Vasubandhu; 5 Definition(s)
Vasubandhu means something in Buddhism, Pali, Hinduism, Sanskrit, the history of ancient India. If you want to know the exact meaning, history, etymology or English translation of this term then check out the descriptions on this page. Add your comment or reference to a book if you want to contribute to this summary article.
General definition (in Buddhism)Source: Buddhist Door: Glossary
Vasubandhu (वसुबन्धु).—According to Tibetan sources, Asaṅga (965-900 BCE) and Vasubandhu (963-883 BCE) were half-brothers from Puruṣapura of Gāndhāra Janapada and born 900 years after Buddha nirvana. Asaṅga’s father was a Kśatriya whereas Vasubandhu’s father was a Brāhmaṇa. Prasannaśīlā was the mother of Asaṅga and Vasubandhu. Professor J. Takakusu published “The Life of Vasubandhu by Paramārtha” in the year 1904. It is a translation from a Chinese manuscript. It states that a Kauśika Brāhmaṇa family of Puruṣapura (Peshawar) had three sons, Asaṅga, Vasubandhu and Viriñchivatsa.
Vasubandhu authored the famous text Abhidhamma Kośa. King Bālāditya (also known as Gambhirapaksha and Chandraprakasha) became the King of Ayodhyā after the death of his father Vikramāditya. King Bālāditya invited Vasubandhu to Ayodhyā. Vasubandhu debated with Vasurāta, a grammarian who was the brother-in-law of King Bālāditya. He also debated with Sanghabhadra, a Hīnayāna scholar. Bhartṛhari, the author of “Vākyapadīyam”, was the son and pupil of Vasurāta.Source: academia.edu: The Chronological History of Buddhism
India history and geogprahy
Vasubandhu (950-870 BCE).—Chinese translation of Paramartha’s “Life of Vasubandhu” tells us that Vas ubandhu’s teacher Budhamitra was in the court of King Pi-ka-la-ma-a-chi-ta (Vikramaditya) of A-yu-ja (Ayodhya). The crown prince and the son of Vikramaditya was Ba-la-chi-ti-ya (Baladitya). After the death of Vikramaditya, Baladitya became the king. He invited Vasubandhu to Ayodhya. Vasubandhu accepted the invitation of King Baladitya and settled in Ayodhya. Evidently, Vikramaditya was Chandragupta and Baladitya was Chnadrapraksha as mentioned in Vamana’s Kavyalankara -Sutravritti.Source: academia.edu: Who was the Indian King Sandrokottus?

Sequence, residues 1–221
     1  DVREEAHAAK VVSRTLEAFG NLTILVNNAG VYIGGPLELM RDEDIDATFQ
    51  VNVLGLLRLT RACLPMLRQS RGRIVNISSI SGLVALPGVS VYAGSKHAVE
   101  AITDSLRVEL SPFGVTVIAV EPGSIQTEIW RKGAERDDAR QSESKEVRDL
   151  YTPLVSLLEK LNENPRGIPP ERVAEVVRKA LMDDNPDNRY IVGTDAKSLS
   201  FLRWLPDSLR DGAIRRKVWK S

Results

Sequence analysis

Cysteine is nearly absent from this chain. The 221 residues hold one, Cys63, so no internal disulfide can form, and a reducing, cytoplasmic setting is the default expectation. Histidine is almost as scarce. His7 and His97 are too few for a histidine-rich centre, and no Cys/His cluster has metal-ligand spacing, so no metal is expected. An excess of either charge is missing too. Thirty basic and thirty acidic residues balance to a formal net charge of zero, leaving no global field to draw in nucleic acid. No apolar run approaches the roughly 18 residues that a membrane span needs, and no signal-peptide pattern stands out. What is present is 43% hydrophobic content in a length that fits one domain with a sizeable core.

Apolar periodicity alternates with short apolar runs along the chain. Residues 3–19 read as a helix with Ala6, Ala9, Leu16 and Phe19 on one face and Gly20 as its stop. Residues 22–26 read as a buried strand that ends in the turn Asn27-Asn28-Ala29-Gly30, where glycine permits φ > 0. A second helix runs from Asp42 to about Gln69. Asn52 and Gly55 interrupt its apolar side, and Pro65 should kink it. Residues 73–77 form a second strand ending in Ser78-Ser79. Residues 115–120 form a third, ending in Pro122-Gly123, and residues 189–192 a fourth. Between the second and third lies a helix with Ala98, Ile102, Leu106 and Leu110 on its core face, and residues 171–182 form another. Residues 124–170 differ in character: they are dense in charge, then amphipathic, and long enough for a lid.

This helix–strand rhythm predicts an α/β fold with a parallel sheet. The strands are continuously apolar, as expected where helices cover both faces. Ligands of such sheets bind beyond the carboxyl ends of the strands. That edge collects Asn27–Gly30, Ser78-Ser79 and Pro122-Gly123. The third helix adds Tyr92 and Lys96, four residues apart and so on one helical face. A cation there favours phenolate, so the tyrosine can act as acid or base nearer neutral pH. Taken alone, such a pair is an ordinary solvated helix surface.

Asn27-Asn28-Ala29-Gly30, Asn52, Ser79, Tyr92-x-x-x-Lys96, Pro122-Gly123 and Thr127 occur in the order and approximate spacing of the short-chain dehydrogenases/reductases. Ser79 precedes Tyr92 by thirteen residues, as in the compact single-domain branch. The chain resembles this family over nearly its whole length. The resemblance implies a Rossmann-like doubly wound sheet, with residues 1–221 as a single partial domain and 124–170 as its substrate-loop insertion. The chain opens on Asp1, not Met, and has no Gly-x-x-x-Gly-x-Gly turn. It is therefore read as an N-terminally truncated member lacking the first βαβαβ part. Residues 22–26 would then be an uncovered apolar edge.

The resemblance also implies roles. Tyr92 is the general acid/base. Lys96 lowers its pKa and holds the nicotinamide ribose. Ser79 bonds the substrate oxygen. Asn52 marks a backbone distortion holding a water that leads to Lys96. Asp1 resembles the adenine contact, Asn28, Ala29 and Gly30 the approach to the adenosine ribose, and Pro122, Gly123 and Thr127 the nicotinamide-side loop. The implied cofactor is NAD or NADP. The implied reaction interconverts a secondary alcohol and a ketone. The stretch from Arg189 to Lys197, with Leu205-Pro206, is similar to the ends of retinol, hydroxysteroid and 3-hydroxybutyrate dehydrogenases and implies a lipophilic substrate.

Vasubandhu (960-880 BCE).—Though Buddhism was introduced in Tibet during the time of Samantabhadra (16th century BCE) but Acharya Vetalakshema [Garab Dorje] (1321-1221 BCE) was the first teacher of Tibetan Buddhism. It appears that early Tibetan Buddhists followed Indian Buddhist scholars like Vasubandhu.Source: academia.edu: The Chronological History of Tibetan Buddhism
The history of India traces the identification of countries, villages, towns and other regions of India, as well as royal dynasties, rulers, tribes, local festivities and traditions and regional languages. Ancient India enjoyed religious freedom and encourages the path of Dharma, a concept common to Buddhism, Hinduism, and Jainism.
Languages of India and abroad
Vasubandhu (वसुबन्धु).—n. of a teacher: Mvy 3478.Source: Cologne Digital Sanskrit Dictionaries: Edgerton Buddhist Hybrid Sanskrit Dictionary
Sanskrit, also spelled संस्कृतम् (saṃskṛtam), is an ancient language of India commonly seen as the grandmother of the Indo-European language family. Closely allied with Prakrit and Pali, Sanskrit is more exhaustive in both grammar and terms and has the most extensive collection of literature in the world, greatly surpassing its sister-languages Greek and Latin.
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Search found 15 books and stories containing Vasubandhu. You can also click to the full overview containing English textual excerpts. Below are direct links for the most relevant articles:
Abhidharmakośa (by Vasubandhu)
Buddhist records of the Western world (Xuanzang) (by Samuel Beal)
Chapter 2 - Country of ’O-yu-t’o (Ayodhya) < [Book V - Six Countries]
Chapter 10 - Country of Mo-ti-pu-lo (Matipura) < [Book IV - Fifteen Countries]
Chapter 8 - Country of Fa-li-pi (Valabhi) < [Book XI - Twenty-three Countries]
Maha Prajnaparamita Sastra (by Gelongma Karma Migme Chödrön)
Part 4 - The Bodhisattva in the Abhidharma system < [Chapter VIII - The Bodhisattvas]
Appendix 3 - The three characteristics of Conditioned Dharmas (saṃskṛtadharma) < [Chapter XXXI - The Thirty-seven Auxiliaries to Enlightenment]
Appendix 3 - The traditions regarding Kātyāyana < [Chapter III - General Explanation of Evam Maya Śruta]
Bodhisattvacharyavatara (by Andreas Kretschmar)
Text Section 244 < [Khenpo Chöga’s Oral Explanations]
Text Section 40 < [Khenpo Chöga’s Oral Explanations]
A History of Indian Philosophy Volume 1 (by Surendranath Dasgupta)
Part 10 - The Schools of Theravada Buddhism < [Chapter V - Buddhist Philosophy]
Part 11 - Mahāyānism < [Chapter V - Buddhist Philosophy]
Part 19 - Brief survey of the evolution of Buddhist Thought < [Chapter V - Buddhist Philosophy]
A History of Indian Philosophy Volume 2 (by Surendranath Dasgupta)
Part 2 - Thought and its Object in Buddhism and in Vedānta < [Chapter XI - The Śaṅkara School of Vedānta (continued)]
Part 5 - Vedānta Doctrine of Soul and the Buddhist Doctrine of Soullessness < [Chapter XI - The Śaṅkara School of Vedānta (continued)]
Part 19 - The Dialectic of Nāgārjuna and the Vedānta Dialectic < [Chapter XI - The Śaṅkara School of Vedānta (continued)]